5/5/2005:

Intermediate Word:  artesian well (a) Pieran Spring  (b) water under enough pressure to flow as a spring  (c) well with water steeped in minerals  (d) diagonally drilled well that reaches under a neighbor's property
Difficult Word:
  palsgrave  (a) feudal lord  (b) friend's tomb  (c) Southwestern weed  (d) ermine-trimmed ecclesiastical robe

Hubble pictures comet demise  - BBC  The break-up of a comet has been shown in extraordinary detail by the orbiting Hubble Space Telescope. The images reveal the comet has crumbled into over three dozen fragments; many more than had been shown from ground-based observations. The disintegrating comet will pass Earth on 6 May at a distance of 11.7 million km (7.3 million miles). Comet 73P/Schwassmann-
Wachmann 3, discovered in 1930 by German astronomers, orbits the Sun every 5.4 years. Its break-up was first spotted in 1995 when observers noticed the comet had split into four chunks.    
Ministers bullish on biomass fuel  - BBC  Click here. The UK government says energy from crops, trees and waste can play a key role in meeting targets on renewable power and cutting CO2 emissions. Energy Minister Malcolm Wicks believes the sector is vital if the goal of renewable power providing 20% of UK electricity by 2020 is to be achieved. Only about 1% of UK electricity currently comes from biomass sources. He said it was likely that established technologies, such as onshore wind, would be the main players in meeting the 2003 Energy White Paper commitment of 10% of UK electricity coming from renewables by 2010. Beyond that, he said there was a range of other technologies - including tidal, wave, solar and biomass - that could play a part in helping reach the 2020 goal of 20% of electricity from renewable sources. Up to 15m is also being made available to help energy suppliers cover the costs of building and operating biomass boilers, with the promise of more money in 2007. Another initiative is the formation of a Biomass Energy Centre, run by the Forestry Commission, that will offer help and advice to people who wanted more information."What I would say is that the UK is going to need a huge, and I mean huge, amount of investment in its energy infrastructure in the coming five to 15 years," Mr Wicks said.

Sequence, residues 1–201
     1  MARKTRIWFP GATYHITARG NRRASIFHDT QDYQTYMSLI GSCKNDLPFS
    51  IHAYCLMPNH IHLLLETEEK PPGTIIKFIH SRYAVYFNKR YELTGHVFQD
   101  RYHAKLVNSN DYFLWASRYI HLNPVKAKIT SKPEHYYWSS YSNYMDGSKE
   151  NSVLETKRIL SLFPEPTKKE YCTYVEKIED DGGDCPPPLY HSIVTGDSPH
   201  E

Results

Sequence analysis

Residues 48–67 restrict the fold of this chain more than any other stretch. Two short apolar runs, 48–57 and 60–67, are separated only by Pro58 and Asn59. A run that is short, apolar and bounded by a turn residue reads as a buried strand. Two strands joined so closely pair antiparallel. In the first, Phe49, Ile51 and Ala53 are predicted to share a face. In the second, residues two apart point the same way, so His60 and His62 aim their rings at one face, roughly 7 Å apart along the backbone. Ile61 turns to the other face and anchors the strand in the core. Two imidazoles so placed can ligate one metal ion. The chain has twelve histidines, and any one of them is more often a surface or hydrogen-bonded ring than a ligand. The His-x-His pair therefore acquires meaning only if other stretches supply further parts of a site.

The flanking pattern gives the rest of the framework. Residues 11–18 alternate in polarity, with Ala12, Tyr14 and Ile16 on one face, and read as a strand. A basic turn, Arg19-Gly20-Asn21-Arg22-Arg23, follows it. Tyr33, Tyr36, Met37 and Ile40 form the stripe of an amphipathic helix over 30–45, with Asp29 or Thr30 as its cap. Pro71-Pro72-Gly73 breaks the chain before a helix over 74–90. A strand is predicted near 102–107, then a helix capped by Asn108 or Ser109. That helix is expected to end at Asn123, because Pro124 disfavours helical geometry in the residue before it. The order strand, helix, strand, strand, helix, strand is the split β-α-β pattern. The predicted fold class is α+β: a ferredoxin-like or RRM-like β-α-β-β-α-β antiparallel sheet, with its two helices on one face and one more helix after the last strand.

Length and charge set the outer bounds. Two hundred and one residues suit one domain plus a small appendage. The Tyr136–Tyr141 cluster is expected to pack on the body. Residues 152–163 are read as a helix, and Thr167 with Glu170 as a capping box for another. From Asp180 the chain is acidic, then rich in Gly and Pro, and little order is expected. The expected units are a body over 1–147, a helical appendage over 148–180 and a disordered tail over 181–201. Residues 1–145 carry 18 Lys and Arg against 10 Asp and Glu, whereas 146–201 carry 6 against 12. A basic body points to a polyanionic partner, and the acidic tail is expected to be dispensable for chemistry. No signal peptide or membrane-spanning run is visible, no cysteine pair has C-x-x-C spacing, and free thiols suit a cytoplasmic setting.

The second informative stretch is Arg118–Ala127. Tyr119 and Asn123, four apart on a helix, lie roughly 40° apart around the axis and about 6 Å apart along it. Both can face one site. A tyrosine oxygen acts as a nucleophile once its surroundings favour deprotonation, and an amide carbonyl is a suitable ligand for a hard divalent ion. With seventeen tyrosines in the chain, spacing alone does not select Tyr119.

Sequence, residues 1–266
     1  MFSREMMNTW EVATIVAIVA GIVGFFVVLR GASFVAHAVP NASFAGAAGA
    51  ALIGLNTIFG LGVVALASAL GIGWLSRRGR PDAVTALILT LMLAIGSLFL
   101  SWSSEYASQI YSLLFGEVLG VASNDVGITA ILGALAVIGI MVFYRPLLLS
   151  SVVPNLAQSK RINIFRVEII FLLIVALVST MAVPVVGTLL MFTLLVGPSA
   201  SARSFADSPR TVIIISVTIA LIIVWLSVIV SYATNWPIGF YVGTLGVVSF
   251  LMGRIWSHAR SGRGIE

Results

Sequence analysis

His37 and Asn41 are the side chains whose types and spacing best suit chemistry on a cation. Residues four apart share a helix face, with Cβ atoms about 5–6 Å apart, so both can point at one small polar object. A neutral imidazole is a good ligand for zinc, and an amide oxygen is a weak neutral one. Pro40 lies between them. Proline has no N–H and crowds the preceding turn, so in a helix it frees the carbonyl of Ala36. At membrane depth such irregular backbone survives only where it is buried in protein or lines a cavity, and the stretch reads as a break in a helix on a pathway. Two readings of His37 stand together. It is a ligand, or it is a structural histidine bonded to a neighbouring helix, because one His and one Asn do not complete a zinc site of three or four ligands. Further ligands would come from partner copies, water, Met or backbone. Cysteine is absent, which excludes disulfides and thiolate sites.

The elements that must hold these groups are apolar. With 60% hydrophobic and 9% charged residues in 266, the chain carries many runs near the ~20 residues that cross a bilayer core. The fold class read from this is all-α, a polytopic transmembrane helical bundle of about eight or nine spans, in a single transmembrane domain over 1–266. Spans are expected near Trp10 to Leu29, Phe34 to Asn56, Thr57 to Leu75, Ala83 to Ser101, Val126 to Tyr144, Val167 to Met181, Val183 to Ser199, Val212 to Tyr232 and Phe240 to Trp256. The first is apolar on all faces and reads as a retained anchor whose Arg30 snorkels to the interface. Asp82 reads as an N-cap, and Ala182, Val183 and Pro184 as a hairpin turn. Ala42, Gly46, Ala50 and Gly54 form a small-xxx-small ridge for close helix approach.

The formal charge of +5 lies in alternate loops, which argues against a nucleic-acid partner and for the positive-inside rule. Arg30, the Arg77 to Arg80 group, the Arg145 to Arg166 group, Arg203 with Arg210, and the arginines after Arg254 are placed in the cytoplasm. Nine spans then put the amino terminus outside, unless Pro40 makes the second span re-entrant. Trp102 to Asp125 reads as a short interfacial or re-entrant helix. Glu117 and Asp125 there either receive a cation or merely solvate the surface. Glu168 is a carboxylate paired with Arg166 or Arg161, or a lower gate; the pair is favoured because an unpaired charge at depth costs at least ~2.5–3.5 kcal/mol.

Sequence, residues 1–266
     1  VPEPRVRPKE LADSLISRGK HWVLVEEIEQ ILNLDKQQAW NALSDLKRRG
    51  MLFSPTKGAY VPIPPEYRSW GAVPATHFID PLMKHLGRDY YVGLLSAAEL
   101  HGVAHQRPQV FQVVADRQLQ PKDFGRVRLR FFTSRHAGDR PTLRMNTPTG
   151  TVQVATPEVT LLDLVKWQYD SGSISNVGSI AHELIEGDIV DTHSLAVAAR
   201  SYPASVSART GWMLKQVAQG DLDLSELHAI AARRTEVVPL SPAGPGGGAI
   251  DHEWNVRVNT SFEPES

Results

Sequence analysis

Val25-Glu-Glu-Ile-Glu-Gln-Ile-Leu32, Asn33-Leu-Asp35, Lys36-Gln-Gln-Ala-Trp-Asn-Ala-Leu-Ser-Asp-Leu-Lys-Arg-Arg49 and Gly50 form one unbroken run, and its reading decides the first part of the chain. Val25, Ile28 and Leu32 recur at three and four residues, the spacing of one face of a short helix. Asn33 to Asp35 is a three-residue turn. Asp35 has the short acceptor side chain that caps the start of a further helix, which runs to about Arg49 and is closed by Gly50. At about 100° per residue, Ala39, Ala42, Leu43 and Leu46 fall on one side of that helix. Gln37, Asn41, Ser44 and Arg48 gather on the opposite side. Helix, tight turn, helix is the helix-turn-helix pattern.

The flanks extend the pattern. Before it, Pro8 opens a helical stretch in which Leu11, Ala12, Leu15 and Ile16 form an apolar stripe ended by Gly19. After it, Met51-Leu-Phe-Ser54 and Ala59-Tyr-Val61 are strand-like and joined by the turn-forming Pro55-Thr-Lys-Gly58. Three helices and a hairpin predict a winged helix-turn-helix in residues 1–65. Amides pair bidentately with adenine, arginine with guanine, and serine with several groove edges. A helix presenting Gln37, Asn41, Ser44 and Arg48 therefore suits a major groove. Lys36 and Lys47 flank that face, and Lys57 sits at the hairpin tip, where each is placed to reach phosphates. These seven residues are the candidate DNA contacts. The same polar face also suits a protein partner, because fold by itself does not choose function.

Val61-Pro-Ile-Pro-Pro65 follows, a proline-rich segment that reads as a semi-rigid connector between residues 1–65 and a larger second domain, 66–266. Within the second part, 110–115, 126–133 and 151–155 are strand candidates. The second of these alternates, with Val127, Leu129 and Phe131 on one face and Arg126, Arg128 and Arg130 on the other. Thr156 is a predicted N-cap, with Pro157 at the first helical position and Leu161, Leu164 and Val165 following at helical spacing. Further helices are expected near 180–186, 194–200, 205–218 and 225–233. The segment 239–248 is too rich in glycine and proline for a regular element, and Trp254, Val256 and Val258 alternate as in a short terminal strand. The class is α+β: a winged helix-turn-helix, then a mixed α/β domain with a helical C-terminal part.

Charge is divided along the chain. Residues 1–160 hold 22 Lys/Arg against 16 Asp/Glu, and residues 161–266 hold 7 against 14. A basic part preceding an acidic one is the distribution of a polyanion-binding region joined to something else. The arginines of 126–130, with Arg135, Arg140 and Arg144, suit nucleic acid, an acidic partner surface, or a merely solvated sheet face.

E-paper chase picks up speed  - C/Net  In the Tom Cruise sci-fi thriller "Minority Report," a subway passenger scans an issue of USA Today that is a plastic video screen, thin, foldable and wireless, with constantly changing text. The scene is no longer science fiction. This month, De Tijd, a Belgian financial newspaper, started testing versions of electronic paper, a device with low-power digital screens embedded with digital ink--millions of microscopic capsules the width of a human hair made with organic material that display light or dark images in response to electrical charges. This is only one test of new e-paper devices competing to become the iPod of the newspaper business. Other e-paper trials are being undertaken by the paper Les Echos, which is based here, by the newspaper trade group IFRA in Germany and, in the United States, by The New York Times. The devices weigh about 13 ounces and can be updated in Wi-Fi hot spots or through Internet connections (although they cannot be used to surf the Web yet). Their touch screens are also capable of doubling as notebooks to jot down information or to download books.   




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